April 30 - Third Sunday in Easter : God who walks with us

April 27th, 2017

 

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First Reading   Acts 2:14,22-33 
Peter and the apostles announce that Jesus has been raised from the dead.

 

Responsorial Psalm   Psalm 16:1-2,5,7-11
God will show us the path of life.

 

Second Reading   1 Peter 1:17-21
You were saved by Christ’s sacrifice.

 

Gospel Reading Luke 24:13-35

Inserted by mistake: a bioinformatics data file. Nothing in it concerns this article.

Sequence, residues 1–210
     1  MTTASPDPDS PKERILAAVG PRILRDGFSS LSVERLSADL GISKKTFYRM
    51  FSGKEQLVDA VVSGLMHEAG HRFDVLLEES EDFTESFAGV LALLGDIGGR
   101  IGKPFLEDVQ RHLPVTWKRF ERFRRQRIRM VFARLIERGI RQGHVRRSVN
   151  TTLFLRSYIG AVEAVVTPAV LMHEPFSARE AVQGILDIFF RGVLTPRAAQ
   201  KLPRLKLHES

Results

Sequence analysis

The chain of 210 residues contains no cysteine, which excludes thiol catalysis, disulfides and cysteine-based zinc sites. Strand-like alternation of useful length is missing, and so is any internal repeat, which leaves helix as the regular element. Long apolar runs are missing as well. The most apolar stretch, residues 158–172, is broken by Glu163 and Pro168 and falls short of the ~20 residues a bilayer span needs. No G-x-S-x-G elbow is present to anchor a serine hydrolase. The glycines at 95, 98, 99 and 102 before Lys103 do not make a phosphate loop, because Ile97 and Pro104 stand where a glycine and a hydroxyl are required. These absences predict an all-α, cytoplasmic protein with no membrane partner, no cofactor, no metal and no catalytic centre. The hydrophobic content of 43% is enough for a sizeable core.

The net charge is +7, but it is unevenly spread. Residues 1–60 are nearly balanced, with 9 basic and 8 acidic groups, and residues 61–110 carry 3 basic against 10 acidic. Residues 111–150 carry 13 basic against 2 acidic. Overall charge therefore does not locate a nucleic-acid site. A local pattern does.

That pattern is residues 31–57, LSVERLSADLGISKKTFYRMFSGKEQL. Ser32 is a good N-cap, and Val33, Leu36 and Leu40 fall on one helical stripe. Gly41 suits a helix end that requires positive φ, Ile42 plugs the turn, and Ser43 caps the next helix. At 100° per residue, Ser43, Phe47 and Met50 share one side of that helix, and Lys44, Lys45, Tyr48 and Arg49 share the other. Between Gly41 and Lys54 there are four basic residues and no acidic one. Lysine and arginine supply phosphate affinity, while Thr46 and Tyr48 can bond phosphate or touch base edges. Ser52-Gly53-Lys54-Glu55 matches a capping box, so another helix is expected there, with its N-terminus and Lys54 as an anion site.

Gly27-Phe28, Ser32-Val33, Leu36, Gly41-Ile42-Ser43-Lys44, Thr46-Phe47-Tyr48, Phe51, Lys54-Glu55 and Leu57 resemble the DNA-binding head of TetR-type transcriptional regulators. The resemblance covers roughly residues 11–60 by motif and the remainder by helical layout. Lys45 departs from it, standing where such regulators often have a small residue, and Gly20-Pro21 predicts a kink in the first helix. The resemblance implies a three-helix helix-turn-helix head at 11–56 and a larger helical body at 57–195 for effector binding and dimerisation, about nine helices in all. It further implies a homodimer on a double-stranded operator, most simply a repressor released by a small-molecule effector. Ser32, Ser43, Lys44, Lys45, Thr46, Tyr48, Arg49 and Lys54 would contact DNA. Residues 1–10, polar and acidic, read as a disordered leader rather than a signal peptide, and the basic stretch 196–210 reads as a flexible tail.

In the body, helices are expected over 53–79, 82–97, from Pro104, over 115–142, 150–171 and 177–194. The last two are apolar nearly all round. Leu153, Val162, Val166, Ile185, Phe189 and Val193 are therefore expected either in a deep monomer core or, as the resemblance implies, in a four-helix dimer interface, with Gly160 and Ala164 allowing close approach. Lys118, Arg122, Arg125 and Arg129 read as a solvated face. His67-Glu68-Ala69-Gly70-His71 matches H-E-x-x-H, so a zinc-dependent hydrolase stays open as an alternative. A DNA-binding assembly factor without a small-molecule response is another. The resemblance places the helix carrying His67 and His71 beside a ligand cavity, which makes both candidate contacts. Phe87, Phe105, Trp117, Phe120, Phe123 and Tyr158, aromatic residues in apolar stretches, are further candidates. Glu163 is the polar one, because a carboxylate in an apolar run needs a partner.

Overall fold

Today we here the Gospel story of Emmaus, and the two disciples who left Jerusalem after the Crucifixion, only to encounter Jesus on their way. They are scandalized by the failure of the Messiah in whom they had hoped and who now appeared utterly vanquished, humiliated, even after the third day. Pope Francis used the story of Emmaus while in Brazil to address those many lapsed Catholics who have given up on the power of the Church to bring us Jesus. He spoke to the Bishops of Brazil on 28 July 2013: “Here we have to face the difficult mystery of those people who leave the Church, who, under the illusion of alternative ideas, now think that the Church – their Jerusalem – can no longer offer them anything meaningful and important. So they set off on the road alone, with their disappointment. Faced with this situation, what are we to do? We need a Church, unafraid of going forth into their night. We need a Church capable of meeting them on their way. We need a Church capable of entering into their conversation. Today, we need a Church capable of walking at people’s side, of doing more than simply listening to them; a Church which accompanies them on their journey; a Church able to make sense of the “night”contained in the flight of so many of our brothers and sisters from Jerusalem; a Church which realizes that the reasons why people leave also contain reasons why they can eventually return. I would like all of us to ask ourselves today: are we still a Church capable of warming hearts? We need a Church capable of accompanying them on the road back to Jerusalem! A Church capable of helping them to rediscover the glorious and joyful things that are spoken of Jerusalem, and to understand that she is my Mother, our Mother, and that we are not orphans! We were born in her. Where is our Jerusalem, where were we born? In Baptism, in the first encounter of love, in our calling, in vocation". Are you ready to take up this challenge because you/we are the Church. Are you, as a member of the Church, capable of warming hearts?